Wednesday, August 20, 2008

David Anderson - Okanagan Training Solutions - Improve Communications by asking the correct questions


Have you ever been in a conversation with someone who just drones on and hammers their opinions, without once stopping to listen to what you might have to say? I don't know about you, but whenever I find myself trapped into a conversation with one of these people, it takes every ounce of my self-restraint not to scream "Who cares?!" In fact, I have yet to meet a customer who enjoys the experience of having a sales person force their opinions and perceptions on them - even (or perhaps especially) when those sales people felt they were only offering their "honest opinion."
Today, we continue our series on "The 9 Fine Lines to Sales Success" with a closer look at the fine line between offering an honest opinion, and being brutal with the truth.
Don't get me wrong, our opinions are important - to ourselves. Nobody needs to hear all your opinions - especially not your customers! The mistake most sales people make is thinking that it is our opinions and perceptions that influence the customer to buy. The fact is, most successful sales people find that the complete opposite is true: they are far more successful when they don't express their opinions and perceptions, and instead limit their communication entirely to the facts and their emotions.
Making sure you don't cross the line
Honesty is stating facts the way we see them, and sharing how we feel about those facts. Brutality is attempting to force our opinions on others, blaming others for what we think they did wrong, or adopting an attitude that just screams "I told you so."
Successfully staying on the right side of this line depends entirely on your ability to get your customers to share with you their emotional reasons for buying your products. How do you do this? By asking them the right questions - questions that will move your prospect from an intellectual position (knowing they have a problem that needs to be solved) to the emotional state of trusting you to solve that problem in a way that will satisfy them.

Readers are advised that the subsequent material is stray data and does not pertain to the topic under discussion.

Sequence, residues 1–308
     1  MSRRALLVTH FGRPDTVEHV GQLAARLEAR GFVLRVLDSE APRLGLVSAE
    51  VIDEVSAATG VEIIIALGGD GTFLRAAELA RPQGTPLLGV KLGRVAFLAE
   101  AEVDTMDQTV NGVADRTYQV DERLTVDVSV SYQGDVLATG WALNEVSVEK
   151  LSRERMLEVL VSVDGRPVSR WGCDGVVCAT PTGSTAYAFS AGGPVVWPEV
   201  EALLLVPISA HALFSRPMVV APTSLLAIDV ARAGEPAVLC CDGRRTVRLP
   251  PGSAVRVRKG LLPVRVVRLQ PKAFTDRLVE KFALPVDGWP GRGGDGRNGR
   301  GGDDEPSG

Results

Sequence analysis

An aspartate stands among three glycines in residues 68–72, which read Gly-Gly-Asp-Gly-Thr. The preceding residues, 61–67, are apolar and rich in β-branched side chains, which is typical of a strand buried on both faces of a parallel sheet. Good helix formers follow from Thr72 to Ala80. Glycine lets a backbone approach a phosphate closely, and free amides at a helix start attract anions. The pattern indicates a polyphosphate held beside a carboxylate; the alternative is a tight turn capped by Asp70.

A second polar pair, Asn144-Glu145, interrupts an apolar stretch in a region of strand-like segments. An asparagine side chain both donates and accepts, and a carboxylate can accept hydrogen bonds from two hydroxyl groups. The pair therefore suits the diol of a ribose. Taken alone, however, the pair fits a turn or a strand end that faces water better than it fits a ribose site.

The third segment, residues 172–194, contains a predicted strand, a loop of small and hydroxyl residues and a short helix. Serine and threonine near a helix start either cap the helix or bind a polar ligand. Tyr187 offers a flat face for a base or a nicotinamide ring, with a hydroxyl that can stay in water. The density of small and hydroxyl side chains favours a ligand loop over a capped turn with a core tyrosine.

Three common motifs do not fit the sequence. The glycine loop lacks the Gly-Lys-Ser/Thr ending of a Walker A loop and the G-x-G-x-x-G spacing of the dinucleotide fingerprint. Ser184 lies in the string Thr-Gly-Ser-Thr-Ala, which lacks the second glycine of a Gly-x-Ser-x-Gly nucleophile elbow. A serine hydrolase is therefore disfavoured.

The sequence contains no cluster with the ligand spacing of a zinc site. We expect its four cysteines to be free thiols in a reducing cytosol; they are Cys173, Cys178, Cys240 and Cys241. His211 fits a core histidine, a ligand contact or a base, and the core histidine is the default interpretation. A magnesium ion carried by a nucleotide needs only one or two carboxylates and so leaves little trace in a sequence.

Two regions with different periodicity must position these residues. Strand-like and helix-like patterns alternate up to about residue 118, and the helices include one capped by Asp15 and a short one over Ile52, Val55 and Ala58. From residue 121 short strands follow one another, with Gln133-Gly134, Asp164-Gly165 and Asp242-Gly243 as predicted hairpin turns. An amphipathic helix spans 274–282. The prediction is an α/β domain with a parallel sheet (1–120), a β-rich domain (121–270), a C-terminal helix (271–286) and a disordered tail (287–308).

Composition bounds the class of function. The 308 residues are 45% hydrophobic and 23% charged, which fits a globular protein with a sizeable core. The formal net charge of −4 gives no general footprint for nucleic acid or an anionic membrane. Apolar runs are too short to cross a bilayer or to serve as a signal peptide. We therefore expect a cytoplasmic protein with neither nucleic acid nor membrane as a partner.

The right questions, in other words, are ones that will help you to reveal a buyer's true motivations. To help you get the answers to those questions - and close more deals in the process - try the following four steps to building more lasting and profitable customer relationships:

1. Identify the intellectual problem.
Q: What's the biggest challenge you're facing today in the area of X?
Q: Our clients tell us that we help them solve problems in the area of X. That's not a problem for you, is it?
Q: What plans have you made to?
2. Develop an intellectual awareness about this problem.
Q: Can you tell me more about it?
Q: Could you be more specific?
Q: How would you improve?
3. Get emotional! Identify the specific business impact of this problem.
Q: How has this problem impacted your organization?
Q: What will happen if this problem continues?
4. Identify the specific personal impact of this problem.
Q: What impact does this problem have on your job / your staff?
Q: What will happen if you don't find a solution to this problem?

Staying on the right side of the line
Once you've revealed your prospect's true emotional reasons for buying your products, you're ready to move to the next step in streamlining your communication: learning how to share your emotions during the sales process.

Now, I want to be very clear here: I'm recommending that you describe your emotions, not that you show them - especially if that would mean breaking down into tears or a screaming tirade.
When it comes to expressing your emotions, think of yourself as Tarzan. Tarzan was a man of few words, yet he was always able to express himself in a way that people understood. Keep it simple, and simply report your emotion: I am mad. I am upset. I am stressed.
For example, you might say to a customer: "I noticed that we haven't received the purchase order from your purchasing department yet, and I'm worried that this will delay your implementation." Or: "It's been a couple of weeks since we agreed to talk about your order. If we wait much longer, I'm concerned that they'll be out of stock."
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David Anderson
Okanagan Training Solutions
Priority Management Interior BC
250 762-5096 / 1-877-762-5096

1 comment:

don said...

David,

Love your article,

Don